“The education was great,” she said.
After finishing her course in the Fall of 2013, Jen started helping out and teaching at Tante Marie’s until the school closed this past fall. She got to teach a variety of classes there, from professional culinary and pastry classes to recreational classes. “It was extremely valuable,” she said.
In addition to teaching over the past year, Jen says she’s also been visiting and taking cooking classes throughout the Bay Area and in wine country to help her develop her teaching style get a sense of what she thinks works well in a culinary classroom.
Getting back to the “next course” concept, Jen now plans to teach both privately and publicly. She’ll be teaching courses at 18 Reasons in the Mission, and she hopes to also find a permanent kitchen space where she can hold classes. In addition, she wants to blog about her teaching experiences. After pondering writing for quite some time, Jen says she feels like sharing her teaching experiences not only gives her the opportunity to write about something she’s passionate about but provides her the chance to bring a fresh perspective to the crowded space of food blogging.
“It was starting to think of myself as a teacher and becoming comfortable with myself as a teacher that suddenly opened the floodgates for me and made me feel comfortable about sharing my experiences of food and of my students through teaching. And that’s something I feel comfortable blogging about. I feel like I finally have something where I feel 100 percent secure in my own secure, and I’m not just regurgitating some stuff that some other food blogger or food writer is saying. I feel like I have a message and I have something to say that might actually help people,” she said.
What drew you to food?
What draws me to food is that it’s a common ingredient that everyone in the world shares. Everybody needs to eat. How they go about doing it varies, but eating is central to who we are as individuals and also as a community and a world. It’s something that we all share and I just feel strongly that the sense of togetherness that can be created through food experiences can go a long way toward softening the edges of the differences we have. It makes me feel like I can be involved in something that actually can make a difference—in a small way—in the world. And I want my life to make a difference.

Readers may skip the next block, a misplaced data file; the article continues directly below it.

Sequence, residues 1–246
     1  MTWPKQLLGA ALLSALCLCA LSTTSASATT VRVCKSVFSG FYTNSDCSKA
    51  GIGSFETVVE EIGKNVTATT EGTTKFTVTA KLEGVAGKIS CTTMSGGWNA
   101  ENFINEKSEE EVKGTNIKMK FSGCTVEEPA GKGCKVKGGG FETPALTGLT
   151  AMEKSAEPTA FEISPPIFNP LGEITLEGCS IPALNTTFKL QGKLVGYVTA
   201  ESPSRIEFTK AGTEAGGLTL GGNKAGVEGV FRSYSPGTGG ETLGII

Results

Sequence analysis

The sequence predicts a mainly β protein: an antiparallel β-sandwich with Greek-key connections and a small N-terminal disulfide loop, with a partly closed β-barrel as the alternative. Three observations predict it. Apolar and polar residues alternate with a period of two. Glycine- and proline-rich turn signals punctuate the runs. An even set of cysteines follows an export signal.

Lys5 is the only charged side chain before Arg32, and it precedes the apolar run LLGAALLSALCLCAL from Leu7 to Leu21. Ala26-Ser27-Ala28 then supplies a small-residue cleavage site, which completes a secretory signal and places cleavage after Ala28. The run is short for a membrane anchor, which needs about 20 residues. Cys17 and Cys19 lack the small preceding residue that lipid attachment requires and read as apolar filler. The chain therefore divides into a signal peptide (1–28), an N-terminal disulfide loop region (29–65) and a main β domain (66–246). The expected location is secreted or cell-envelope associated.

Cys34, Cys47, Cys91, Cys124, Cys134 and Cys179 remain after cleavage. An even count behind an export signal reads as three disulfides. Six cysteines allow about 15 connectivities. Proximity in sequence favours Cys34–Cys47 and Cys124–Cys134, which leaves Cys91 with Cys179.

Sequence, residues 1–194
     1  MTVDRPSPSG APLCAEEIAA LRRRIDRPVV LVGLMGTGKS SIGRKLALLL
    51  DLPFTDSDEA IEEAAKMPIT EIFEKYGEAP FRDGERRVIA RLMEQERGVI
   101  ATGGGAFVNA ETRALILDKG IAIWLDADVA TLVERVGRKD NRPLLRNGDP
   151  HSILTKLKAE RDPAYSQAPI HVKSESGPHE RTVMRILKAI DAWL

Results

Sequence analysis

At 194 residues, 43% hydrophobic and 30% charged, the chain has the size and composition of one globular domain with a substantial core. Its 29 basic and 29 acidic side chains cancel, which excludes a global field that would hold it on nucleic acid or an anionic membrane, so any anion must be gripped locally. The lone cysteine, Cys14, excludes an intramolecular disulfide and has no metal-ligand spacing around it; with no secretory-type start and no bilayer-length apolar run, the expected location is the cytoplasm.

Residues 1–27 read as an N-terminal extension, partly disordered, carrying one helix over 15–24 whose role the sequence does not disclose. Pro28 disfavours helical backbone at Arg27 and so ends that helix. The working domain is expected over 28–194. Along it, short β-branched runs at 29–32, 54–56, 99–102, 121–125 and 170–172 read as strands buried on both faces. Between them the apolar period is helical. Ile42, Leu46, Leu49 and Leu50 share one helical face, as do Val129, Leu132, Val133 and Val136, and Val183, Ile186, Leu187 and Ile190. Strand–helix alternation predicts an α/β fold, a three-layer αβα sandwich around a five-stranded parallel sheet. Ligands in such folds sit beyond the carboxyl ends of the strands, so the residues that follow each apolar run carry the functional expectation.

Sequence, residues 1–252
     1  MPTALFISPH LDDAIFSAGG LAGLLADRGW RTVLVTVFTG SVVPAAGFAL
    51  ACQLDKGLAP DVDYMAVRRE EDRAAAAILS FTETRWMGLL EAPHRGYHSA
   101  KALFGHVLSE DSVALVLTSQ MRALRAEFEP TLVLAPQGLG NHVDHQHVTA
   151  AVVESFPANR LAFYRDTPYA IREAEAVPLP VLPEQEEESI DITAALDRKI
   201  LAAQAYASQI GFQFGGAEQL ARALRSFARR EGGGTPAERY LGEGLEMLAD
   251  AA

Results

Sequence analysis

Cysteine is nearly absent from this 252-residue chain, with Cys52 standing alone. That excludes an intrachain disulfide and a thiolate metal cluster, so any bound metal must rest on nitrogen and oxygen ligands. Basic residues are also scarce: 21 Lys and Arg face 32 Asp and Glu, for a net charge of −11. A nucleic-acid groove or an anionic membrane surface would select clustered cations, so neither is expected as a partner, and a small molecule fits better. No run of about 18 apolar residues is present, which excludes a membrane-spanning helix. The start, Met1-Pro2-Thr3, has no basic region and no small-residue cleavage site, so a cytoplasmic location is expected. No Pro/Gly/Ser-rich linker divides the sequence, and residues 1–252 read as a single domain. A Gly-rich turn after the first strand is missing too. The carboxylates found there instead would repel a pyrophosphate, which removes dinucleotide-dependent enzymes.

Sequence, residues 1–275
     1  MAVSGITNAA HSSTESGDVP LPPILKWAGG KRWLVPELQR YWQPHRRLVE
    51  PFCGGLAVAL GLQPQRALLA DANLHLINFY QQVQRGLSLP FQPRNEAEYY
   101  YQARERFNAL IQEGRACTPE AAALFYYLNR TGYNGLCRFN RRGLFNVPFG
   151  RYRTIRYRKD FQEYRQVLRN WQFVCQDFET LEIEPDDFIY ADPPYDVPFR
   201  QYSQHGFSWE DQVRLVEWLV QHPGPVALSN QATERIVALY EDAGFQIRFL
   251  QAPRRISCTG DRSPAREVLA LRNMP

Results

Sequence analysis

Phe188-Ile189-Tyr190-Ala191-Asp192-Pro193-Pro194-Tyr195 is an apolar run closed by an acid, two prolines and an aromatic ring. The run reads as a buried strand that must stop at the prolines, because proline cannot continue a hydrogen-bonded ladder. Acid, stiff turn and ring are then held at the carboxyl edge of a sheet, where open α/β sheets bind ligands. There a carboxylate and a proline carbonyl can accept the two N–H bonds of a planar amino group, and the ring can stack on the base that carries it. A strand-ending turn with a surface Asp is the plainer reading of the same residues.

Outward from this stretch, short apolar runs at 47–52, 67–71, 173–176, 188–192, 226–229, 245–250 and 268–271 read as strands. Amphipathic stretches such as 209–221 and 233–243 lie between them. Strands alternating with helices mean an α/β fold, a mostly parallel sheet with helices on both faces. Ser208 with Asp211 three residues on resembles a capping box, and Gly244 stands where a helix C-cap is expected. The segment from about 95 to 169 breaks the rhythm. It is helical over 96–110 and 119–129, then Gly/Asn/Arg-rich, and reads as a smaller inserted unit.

I’ve always been a big consumer of knowledge. I love to read, I love to study, I love to learn about things. I shared that before with people through cooking things or baking things for them or designing things for them, and now I feel that I can actually share the knowledge itself. And to me it’s a little bit more personal way of reaching out to people and, again, making a difference. I love to watch people learn so I guess that’s also it.
Where does your food inspiration come from?
Oh, wow. Definitely from living here in the Bay Area and being surrounded by so many incredible natural resources, and the people who work with them. I would also say the world—the more I travel and the more I see around the world, I’m so inspired by the way other cultures eat, what they eat and the fascinating things that they do that are different from what I’ve known. I feel like with cooking and teaching about food, my mind is constantly expanding.
What’s the best piece of advice you’ve gotten in building your business and would you have advice for others?
It’s more an attitude that was instilled in me since I was a kid, which is focus on the solutions not on the problems. And that would also be my advice. Be positive.
What’s the biggest challenge you’ve faced thus far?
It took me a really long time to get comfortable in my own skin. Finding the exact fit for the things that I love and the things that I want to share. Food was a start, but teaching is the thing I can see not ending.
What is the best thing about what you’re doing for a living?
It’s so hard to pick a best thing… Connecting with people through food and learning.
What’s your favorite thing that you make?
Oh, that’s such an unfair question! Does it have to be one thing?
I think my favorite thing to make is a new food adventure with my partner. My boyfriend and I spend a lot of time cooking together. At least once a week we pick some challenge, recipe, method or something that we’ve had at a restaurant that we want to crack the code on. And then we cook it—and whether it comes out or not, those are my favorite cooking experiences. We call it “The Food Research Project.” It’s really fun.
What other local food artisans do you admire and why?
Oh, so many. There’s many teachers that I admire that have inspired me. Obviously, Mary (Risley) and Frances (Wilson). There are so many chefs but if I start naming them, I’m afraid I’ll leave someone out.
If you had to choose your last meal, what would it be?
It would be my mom’s barbecue spare ribs, mashed potatoes, maybe corn on the cob.
Favorite Bay Are food/resto/chef?
There are many that I like but I absolutely love the food at State Bird Provisions. I’m lucky enough to live down the street. I just have so fun eating there.
Jen’s Next Course
Photos courtesy of Jen Nurse.